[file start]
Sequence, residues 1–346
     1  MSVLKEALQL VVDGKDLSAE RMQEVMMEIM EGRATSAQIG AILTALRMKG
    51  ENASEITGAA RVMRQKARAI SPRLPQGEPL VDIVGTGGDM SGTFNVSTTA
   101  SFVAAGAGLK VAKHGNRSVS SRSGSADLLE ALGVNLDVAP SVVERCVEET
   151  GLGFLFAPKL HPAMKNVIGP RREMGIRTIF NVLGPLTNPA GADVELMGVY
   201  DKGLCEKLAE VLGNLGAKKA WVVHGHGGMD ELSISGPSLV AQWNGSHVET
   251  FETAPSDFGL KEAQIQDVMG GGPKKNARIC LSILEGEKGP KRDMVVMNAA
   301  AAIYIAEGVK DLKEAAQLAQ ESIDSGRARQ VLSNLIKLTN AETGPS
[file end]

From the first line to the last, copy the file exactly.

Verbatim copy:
Sequence, residues 1–346
     1  MSVLKEALQL VVDGKDLSAE RMQEVMMEIM EGRATSAQIG AILTALRMKG
    51  ENASEITGAA RVMRQKARAI SPRLPQGEPL VDIVGTGGDM SGTFNVSTTA
   101  SFVAAGAGLK VAKHGNRSVS SRSGSADLLE ALGVNLDVAP SVVERCVEET
   151  GLGFLFAPKL HPAMKNVIGP RREMGIRTIF NVLGPLTNPA GADVELMGVY
   201  DKGLCEKLAE VLGNLGAKKA WVVHGHGGMD ELSISGPSLV AQWNGSHVET
   251  FETAPSDFGL KEAQIQDVMG GGPKKNARIC LSILEGEKGP KRDMVVMNAA
   301  AAIYIAEGVK DLKEAAQLAQ ESIDSGRARQ VLSNLIKLTN AETGPS